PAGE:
Following the Arab Spring, there has been considerable debate on whether women’s rights are under threat from Islamist political parties and the seemingly patriarchal modes of politics they espouse. Despite the very public and vocal role women have played in many of the uprisings in North Africa, the concerns that surround this debate seem particularly pertinent in Tunisia, the birthplace of the Arab Spring.
On the 12th of November 2013, a Thomson Reuters Foundation poll of 336 gender studies experts surveying twenty-two countries involved in the Arab Spring concluded that these states had, by and large, backtracked on women’s rights.[i] In Tunisia, fears of a move towards a less secular, more conservative state have been voiced by a number of women activists, notably the award-winning blogger Lina Ben Mhenni. However, with the drafting of a new constitution delayed and new elections imminent, the exact outcome of the ‘Jasmine Revolution’ for Tunisia’s women remains unclear.
Before the self-immolation of Mohamed Bouazizi and the Jasmine Revolution that began in December 2010, Tunisia was already widely regarded for its stance on women’s representation and women’s rights compared to its Arab neighbours. Its previous constitution, established by the country’s founding father Habib Bourguiba in 1957, proclaimed in Article 6 that all citizens had equal rights and obligations. The constitution built in no small part upon other moves by Bourguiba such as the outlawing of polygamy and ensuring equal legal status for women. His successor Zine el-Abadine Ben Ali continued this work by further expanding the rights and opportunities open to women before being ousted by the revolution.[ii]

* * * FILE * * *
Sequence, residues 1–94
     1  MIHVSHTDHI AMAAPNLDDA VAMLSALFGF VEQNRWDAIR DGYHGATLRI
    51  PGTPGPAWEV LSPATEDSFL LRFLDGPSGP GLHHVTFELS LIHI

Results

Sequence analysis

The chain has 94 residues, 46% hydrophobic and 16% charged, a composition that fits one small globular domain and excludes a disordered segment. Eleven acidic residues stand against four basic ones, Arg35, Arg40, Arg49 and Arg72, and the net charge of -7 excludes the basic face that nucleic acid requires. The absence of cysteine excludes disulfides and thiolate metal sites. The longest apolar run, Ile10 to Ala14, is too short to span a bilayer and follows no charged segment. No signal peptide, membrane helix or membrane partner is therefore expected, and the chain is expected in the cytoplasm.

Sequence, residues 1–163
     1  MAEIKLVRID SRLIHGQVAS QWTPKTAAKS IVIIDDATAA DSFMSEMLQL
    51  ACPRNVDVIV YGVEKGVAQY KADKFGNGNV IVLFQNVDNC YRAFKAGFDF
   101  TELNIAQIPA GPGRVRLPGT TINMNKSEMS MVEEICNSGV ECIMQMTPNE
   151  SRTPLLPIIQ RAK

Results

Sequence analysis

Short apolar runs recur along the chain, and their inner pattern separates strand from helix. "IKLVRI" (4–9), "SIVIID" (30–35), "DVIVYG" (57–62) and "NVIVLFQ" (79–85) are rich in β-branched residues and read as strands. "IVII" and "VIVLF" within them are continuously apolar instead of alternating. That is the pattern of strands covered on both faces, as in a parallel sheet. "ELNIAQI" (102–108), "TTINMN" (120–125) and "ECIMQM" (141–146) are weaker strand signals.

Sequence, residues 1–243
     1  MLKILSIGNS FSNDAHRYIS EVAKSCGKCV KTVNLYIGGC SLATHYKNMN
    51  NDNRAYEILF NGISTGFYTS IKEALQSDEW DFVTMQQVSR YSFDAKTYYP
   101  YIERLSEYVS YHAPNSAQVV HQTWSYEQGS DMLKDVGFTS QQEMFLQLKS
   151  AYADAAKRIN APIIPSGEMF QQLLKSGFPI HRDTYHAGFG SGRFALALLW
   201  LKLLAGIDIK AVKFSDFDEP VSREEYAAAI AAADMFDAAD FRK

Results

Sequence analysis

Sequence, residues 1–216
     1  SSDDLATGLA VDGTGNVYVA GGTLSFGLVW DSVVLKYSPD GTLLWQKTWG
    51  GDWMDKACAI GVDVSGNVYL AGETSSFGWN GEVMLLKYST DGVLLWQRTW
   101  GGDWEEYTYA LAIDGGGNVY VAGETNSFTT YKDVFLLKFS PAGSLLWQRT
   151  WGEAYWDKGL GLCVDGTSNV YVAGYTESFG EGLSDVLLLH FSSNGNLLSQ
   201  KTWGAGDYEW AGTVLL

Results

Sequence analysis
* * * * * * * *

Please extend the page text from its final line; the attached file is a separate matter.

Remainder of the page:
However, many of the fears concerning a backlash by Islamist political parties stem from other policies pursued by Bourguiba and Ben Ali. In a state where Article 1 declares the religion of Tunisia to be Islam, the 1980s onwards saw a crackdown on religion in politics, as well as on wearers of the veil. That being said, the immediate aftermath of the revolution did not give way to radical parties of a religious nature, or immediately jeopardise the status of women in Tunisian society.
The Secretary-General for the International Institute for Democracy and Electoral Assistance (IDEA) went as far as saying that democratisation in the country was notable for continued moves towards gender equality in 2012.[iii] Vidar Helgesen commended the introduction of a quota for women’s representation on electoral lists as exemplary. The level of women’s representation in the new Tunisian Constituent Assembly is indeed unrivalled by the legislatures of its neighbours, with around 24% of representatives being women,[iv] a statistic higher than certain well-established democracies, the number being about 22% in the British House of Commons. However, with only 49 out of 217 representatives being women, it is clear that women are still underrepresented in post-revolution Tunisia.
While these numbers may seem like a sign of progress, Lina Ben Mhenni takes exception to this view. With 42 out of 49 female representatives being members of the moderate Islamist party Ennahda, she has claimed that while the party that won the most seats in the country’s 2011 elections clearly does not frown upon women’s representation per se, its female candidates are helping promote a “double discourse” on women’s rights.[v] She points to several occasions where Ennahda members have spoken out against the current status of women in Tunisia. They have not been criticising it for a lack of parity, but have done so because laws such as those governing divorce encourage immoral behaviour. For instance, she quotes from a statement by Farida Laabidi (a member of Ennahda’s executive) in which the latter claims that equality between men and women should not be spoken of in “absolute terms”.